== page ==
Sunrise on a run

Sunrise on a run

Monday, November 15, 2010

Commuting: an emotional experience

I spend rather a lot of my life on trains, perhaps too much time.  While walking to the station this morning, I was thinking about how I should use this time, how much of my commute I ought to be spending on work-related mattes, how much time idly surfing and tweeting, how much time gaming (sounds so much more grand than "playing inane" games), how much time reading.  This got me to thinking about my blog and what to post today.  I thought I'd share with you some of the emotions that just the journey from front door to train door brings up.

On leaving the house, one worries that departure has been left too late and the train is going to be pulling away on arrival at the station.  It's a balance between leaving too early and realising that a precious extra minute with the girls and Roary the Racing car could have been won.

After a brisk walk, navigation of the traffic lights is required.  Careful assessment of the light sequences usually results in a gain but the brisk walk is maintained.

Many commuters like to adopt a special canter, the "I'm running for a train, but not actually running for it".  I prefer brisk walk, I suspect that many of the cantering-types find it quite upsetting to be overtaken by someone apparently expending less effort than them and who they overtook only two minutes before.

The first two thirds of the journey are crucial, make or break time.  A good pace here means there is no need for the panicked sprint and shoulder-barge into the doors as they beep their way shut.  The most frustrating moment is when you approach the station and see the train pulling in,  chances are the opportunity to make that train has been lost.

Today I arrived at the station, thought I only had a minute to catch the train, got ready to adopt the sprint start and then realised I actually had six minutes, time to catch my train and saunter across.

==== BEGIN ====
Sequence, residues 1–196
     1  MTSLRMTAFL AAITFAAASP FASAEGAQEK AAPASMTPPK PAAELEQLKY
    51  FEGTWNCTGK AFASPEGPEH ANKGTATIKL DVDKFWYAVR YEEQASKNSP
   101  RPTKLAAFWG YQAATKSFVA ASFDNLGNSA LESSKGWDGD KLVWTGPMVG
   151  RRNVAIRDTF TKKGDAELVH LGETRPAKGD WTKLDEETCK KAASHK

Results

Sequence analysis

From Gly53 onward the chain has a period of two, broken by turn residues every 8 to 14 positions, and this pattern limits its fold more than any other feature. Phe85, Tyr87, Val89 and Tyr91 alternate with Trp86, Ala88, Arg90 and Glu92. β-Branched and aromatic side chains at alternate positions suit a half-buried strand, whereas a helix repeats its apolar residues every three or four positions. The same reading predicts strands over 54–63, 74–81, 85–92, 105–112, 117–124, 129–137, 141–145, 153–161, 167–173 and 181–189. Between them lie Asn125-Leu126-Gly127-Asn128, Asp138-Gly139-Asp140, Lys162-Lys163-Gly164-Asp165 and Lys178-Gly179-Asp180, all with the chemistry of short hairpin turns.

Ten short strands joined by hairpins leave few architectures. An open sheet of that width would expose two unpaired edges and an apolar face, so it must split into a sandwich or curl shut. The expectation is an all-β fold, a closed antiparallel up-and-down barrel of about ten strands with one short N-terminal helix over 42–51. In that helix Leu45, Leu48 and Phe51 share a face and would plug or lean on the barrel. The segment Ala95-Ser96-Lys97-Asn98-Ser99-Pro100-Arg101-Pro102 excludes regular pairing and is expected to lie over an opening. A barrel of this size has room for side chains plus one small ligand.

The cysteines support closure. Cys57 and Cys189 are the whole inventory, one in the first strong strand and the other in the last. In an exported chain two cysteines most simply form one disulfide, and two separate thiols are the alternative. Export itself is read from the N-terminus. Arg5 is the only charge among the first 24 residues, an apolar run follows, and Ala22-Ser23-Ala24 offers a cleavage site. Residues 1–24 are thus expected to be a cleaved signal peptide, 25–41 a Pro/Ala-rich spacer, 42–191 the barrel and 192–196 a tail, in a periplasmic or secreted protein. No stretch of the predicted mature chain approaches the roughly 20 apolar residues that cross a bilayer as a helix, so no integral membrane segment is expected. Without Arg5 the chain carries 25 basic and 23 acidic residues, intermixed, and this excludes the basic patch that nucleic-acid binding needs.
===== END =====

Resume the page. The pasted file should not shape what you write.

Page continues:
The train too decided to saunter as it was three minutes late.  On hearing this, my relief that I hadn't missed it was replaced by ire that it was late. I now have six minutes to make my next connection.  Time to prepare for my sprint start. 

- Posted using BlogPress from my iPad

Tuesday, October 26, 2010

The egg gallery

If you're friends with me on facebook, you may have seen my occasional photo-posts from weekend cooking exploits. I'm minded to set up a little e-gallery of egg-based cooking. The first two eggshibits?

Titled: "punctuating the morning with breakfast"


"There's something fishy about today's breakfast"

Clearly, my gallery needs a name. All suggestions gratefully received. Prize to the winning suggestion.

- Posted using BlogPress from my iPad

Tuesday, October 19, 2010

The perils of shopping

Mr S is home alone with the girls this week. Provided you explain the mystery tubs in the freezer, he is fine. He even managed some shopping yesterday. I couldn't remember what we needed so I sent a fairly general list: lunch stuff for the girls, snacky stuff, fairy washing liquid.

I knew exactly which fairy washing liquid we needed but i had forgotten that Sainsburys contains an aisle of washing liquid so I should have been a little more specific. Mr S came home with three products, all of which we will need, none of which were the one I actually intended.

- Posted using BlogPress from my iPad

Thursday, October 14, 2010

Pip's Birthday

Yesterday was Pip's birthday. We had a lovely afternoon with friends and grandparents over for tea and party games: pass the parcel, musical statues and so forth.

Pip was given a variety of presents - all v generous and v lovely. I'm hoping she doesn't go off Peppa Pig this year given the sheer quantity of Peppa Pig gifts she received, some of which were from us.

It did get me wondering however. Most of her gifts were plastic. There will come a time when she no longer plays with them and they may get stored in the loft or given away. Eventually they may find their way to landfill or just lost in the back of cupboards, bottom of cardboard boxes etc. Two examples of their little smily pinkness are shown below.

It made me wonder whether, in thousands of years' time, when all recollection of the children's cartoon is lost, archeologists will uncover so many plastic pigs that they will come to the conclusion that a little pink pig was venerated by so many and Peppa will be deified and worshipped forever more? Congregations will gather round muddy puddles and fall over laughing.

Idle musings I know. In the meantime we will enjoy watching Boo and Pip at play with them.

- Posted using BlogPress from my iPad

Monday, October 11, 2010


OK, so my post a day mission has failed so far. Will try and continue to maintain a regular presence in the blogosphere. Expect some musings on child benefit, tuition fees and public sector pensions in the coming week...